Third, get rid of the first term that does not depend on $$W$$. Now the part relevant to our derivative is:

$\sum_x P_0(x) E(x,W) + \log Z(W)$

In “On Contrastive Divergence Learning” by Carreira-Perpinan and Hinton (proceedings AISTATS 2015) this is written as the log-likelihood objective:

$L(x,W) = -\left\langle E(x,W) \right\rangle_0 - \log Z(W)$

Note, that there is a negative sign here. The maximum log-likelihood is identical to the minimum KL divergence.

### The gradient of the KL-divergence

Taking the gradient with respect to $$W$$ (we can then safely omit the term that does not depend on $$W$$):

$\nabla D(P_0(x) \mid\mid P(x\mid W)) = \frac{ \partial \sum_x P_0(x) E(x,W)}{\partial W} + \frac{\partial \log Z(W)}{ \partial W}$

Recall the derivative of a logarithm:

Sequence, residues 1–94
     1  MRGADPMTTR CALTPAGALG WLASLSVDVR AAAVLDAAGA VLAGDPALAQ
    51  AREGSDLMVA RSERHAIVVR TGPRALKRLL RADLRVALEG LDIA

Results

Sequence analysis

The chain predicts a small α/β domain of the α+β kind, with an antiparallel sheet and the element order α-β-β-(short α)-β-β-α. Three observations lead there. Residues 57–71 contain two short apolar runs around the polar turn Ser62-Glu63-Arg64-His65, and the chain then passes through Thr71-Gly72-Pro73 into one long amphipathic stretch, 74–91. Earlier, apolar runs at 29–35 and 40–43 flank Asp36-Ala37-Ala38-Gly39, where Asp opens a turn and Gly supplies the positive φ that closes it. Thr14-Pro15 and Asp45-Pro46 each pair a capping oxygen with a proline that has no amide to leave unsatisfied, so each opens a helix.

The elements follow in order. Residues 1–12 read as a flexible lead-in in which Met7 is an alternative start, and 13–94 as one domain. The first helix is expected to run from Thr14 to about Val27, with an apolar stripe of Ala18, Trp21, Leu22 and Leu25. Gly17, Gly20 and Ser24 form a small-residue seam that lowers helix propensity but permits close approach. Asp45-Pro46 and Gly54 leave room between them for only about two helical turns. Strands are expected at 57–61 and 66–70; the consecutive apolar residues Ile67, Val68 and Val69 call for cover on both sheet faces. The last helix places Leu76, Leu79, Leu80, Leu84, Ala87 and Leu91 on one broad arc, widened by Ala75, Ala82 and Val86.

$\frac{ \partial \log f(x) }{\partial x} = \frac{1}{f(x)} \frac{\partial f(x)}{\partial x}$

Take derivative of logarithm:

$\nabla D(P_0(x) \mid\mid P(x\mid W)) = \sum_x P_0(x) \frac{\partial E(x,W)}{\partial W} + \frac{1}{Z(W)} \frac{\partial Z(W)}{ \partial W}$

The derivative of the partition function:

$Z(W) = \sum_x \exp \{ -E(x,W) \}$ $\frac{\partial Z(W)}{ \partial W} = \frac{ \partial \sum_x \exp \{ -E(x,W) \} }{ \partial W }$

Recall the derivative of an exponential function:

$\frac{ \partial \exp f(x) }{\partial x} = \exp f(x) \frac{\partial f(x)}{\partial x}$

Use this for the partition function derivative:

$\frac{\partial Z(W)}{ \partial W} = \sum_x \exp \{ -E(x,W) \} \frac{ \partial \{-E(x,W) \} }{ \partial W }$

Hence: